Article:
Painter-turned-director/cinematographer Erik Shirai went behind the glass in his new documentary, The Birth of Saké, which chronicles the labor, skill and intuition required to make the finest Japanese saké. A former cameraman on Anthony Bourdain’s No Reservations, Shirai has won numerous festival prizes with his film, including the John Schlesinger Award for best debut documentary at the 2016 Palm Springs International Film Festival. The jurors lauded Shirai’s commitment to aesthetics, which mirrored the care the master brewer and his crew take in making Japan’s national beverage via old-school methods.
Shirai embedded himself into the family-owned Tedorigawa Yoshida saké brewery (founded in 1870) in Northwest Japan’s Ishikawa Prefecture over the course of three wintertime saké-making sessions. Like the brewery’s workers, he lived communally in a dormitory while chronicling the process, which lasts six months. Although saké is often referred to as rice wine, it’s brewed like beer. The cooked rice mash undergoes fermentation and is eventually pressed; the alcoholic liquid extract is saké. Most modern breweries rely primarily on heavy machinery, but the Yoshida brewery adheres to labor-intensive traditional methods such as sprinkling yeast (koji, used to jump-start fermentation) and kneading it into the rice, all by hand.
“With anything in the farm-to-table movement, it’s good to know about the people who make the product,” Shirai says. “This film will help people see a face in this beverage.” Until now, The Birth of Saké’s subjects have been invisible to the public. The documentary dotes on the brewery’s seasoned toji (master brewer) who has made saké for more than 50 years, and Yoshida’s sixth-generation, 27-year old owner, Yasuyuki Yoshida, who is immersed in sales calls in the off-season. Shirai effectively captures these artisans and their daily routine, giving audiences (and saké drinkers) an exquisitely filmed insight into the many steps required to produce the beverage. From the snowy exterior to the steaming rice in massive room-sized vats, Shirai details the steps as interstitial title cards fill in the background on saké making.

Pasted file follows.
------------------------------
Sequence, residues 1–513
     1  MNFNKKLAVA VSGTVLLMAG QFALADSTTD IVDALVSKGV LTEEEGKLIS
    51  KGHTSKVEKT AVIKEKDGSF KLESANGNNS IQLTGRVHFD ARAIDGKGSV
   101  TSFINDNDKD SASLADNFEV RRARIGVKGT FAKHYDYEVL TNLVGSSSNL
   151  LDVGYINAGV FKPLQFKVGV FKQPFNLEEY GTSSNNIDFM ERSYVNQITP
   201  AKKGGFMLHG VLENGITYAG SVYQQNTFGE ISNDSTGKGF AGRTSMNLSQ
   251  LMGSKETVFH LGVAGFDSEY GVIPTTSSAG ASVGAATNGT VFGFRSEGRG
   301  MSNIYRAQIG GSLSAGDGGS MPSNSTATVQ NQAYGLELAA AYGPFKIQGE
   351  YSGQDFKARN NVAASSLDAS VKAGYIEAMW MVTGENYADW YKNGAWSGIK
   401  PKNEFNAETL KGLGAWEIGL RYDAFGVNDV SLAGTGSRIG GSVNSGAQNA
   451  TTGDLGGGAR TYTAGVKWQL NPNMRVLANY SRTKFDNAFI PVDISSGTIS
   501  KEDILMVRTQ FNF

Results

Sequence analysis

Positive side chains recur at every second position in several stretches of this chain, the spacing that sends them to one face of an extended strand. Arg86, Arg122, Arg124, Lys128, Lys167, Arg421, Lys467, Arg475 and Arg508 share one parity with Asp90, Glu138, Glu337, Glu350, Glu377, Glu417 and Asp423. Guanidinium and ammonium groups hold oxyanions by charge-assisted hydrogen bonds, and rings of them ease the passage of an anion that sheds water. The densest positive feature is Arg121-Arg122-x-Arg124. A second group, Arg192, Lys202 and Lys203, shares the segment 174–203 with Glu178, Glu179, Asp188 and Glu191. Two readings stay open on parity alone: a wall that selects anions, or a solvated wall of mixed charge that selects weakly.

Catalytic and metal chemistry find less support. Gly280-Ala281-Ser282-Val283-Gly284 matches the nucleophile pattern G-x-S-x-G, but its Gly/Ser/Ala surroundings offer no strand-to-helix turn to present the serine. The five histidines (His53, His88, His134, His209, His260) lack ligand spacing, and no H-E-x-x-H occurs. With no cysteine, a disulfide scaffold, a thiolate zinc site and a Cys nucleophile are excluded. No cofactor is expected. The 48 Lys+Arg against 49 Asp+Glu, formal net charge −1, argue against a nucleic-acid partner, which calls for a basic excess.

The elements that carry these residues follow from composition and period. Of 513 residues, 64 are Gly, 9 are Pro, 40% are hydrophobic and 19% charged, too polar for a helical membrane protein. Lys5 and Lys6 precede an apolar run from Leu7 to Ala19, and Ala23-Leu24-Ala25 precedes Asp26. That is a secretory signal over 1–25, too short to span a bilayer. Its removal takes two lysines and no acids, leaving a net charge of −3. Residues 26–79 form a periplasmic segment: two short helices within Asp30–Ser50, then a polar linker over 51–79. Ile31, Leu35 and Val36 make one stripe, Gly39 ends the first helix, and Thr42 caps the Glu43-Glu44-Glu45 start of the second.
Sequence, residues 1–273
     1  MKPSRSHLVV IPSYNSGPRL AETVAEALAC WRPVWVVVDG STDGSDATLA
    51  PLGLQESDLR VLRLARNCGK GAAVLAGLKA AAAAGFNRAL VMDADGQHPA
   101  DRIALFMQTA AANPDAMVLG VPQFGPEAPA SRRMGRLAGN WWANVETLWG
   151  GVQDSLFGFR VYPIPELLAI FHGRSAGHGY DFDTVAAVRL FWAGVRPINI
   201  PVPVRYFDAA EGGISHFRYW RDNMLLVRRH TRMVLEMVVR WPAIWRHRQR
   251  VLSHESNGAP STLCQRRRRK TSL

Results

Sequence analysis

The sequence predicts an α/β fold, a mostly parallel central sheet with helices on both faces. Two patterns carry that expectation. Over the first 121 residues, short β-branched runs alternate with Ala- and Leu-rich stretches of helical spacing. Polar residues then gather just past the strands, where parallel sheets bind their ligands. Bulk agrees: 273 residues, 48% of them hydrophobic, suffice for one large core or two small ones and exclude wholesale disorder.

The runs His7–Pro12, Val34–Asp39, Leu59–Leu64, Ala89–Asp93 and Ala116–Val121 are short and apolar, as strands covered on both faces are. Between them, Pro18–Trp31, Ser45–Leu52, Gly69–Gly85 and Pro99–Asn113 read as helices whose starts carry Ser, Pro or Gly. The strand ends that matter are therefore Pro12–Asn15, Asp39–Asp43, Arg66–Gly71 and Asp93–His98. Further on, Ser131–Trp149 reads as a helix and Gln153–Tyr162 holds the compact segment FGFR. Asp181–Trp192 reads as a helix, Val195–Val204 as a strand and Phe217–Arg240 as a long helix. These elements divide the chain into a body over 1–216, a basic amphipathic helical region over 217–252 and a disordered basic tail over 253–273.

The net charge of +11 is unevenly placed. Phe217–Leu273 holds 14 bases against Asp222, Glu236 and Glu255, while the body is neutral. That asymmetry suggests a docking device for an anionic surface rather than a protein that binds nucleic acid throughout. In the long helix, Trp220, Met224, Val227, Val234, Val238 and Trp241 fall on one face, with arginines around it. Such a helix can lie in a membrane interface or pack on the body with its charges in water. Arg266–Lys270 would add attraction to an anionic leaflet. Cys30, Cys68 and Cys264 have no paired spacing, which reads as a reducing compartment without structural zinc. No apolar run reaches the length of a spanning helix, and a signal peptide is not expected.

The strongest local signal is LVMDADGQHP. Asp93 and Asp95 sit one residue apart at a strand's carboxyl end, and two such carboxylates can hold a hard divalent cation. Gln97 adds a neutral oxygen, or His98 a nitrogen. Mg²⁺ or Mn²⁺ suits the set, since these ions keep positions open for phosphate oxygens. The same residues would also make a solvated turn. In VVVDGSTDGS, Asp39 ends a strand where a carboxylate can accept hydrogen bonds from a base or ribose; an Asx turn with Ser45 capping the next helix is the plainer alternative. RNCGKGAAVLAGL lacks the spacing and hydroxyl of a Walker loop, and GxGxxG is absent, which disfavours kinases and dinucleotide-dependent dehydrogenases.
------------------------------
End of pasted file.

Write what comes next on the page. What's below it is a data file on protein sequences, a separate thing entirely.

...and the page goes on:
One insight: The brewery team drinks a lot of fine saké and beer. Also, Shirai came away with a newfound knowledge. “There are two basic things every drinker should know: It’s pronounced saké [like café], not sak-i, and generally speaking drinking it cold is the way to taste the saké (and usually the high premium saké), whereas the warm stuff is usually bottom of barrel,” he discovered.
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His introduction to artisan saké making was serendipitous: As a Japanese-American, he had long wanted to make a film about Japanese culture and crafts from an insider’s perspective. He met Yoshida at a fundraiser and was invited to the brewery. Once Shirai visited and saw the almost 150-year-old brewery steeped in tradition, he knew he’d found his subject. A Kickstarter campaign and more than two years later, the film is making the festival circuit and is available on iTunes.
As with Jiro Dreams of Sushi, viewers will have an urge after seeing the film to head to the nearest izakaya or sushi bar. In Los Angeles, Sushi Go-55, Mori Sushi and n/naka often carry the Tedorigawa daiginjo made by the Yoshida brewery. Timothy Sullivan of Urbansake.com describes it as so light on the palate that it tastes like ”drinking clouds made of saké.” Insight into the traditional beverage-making process will add a new layer to any future saké drinking.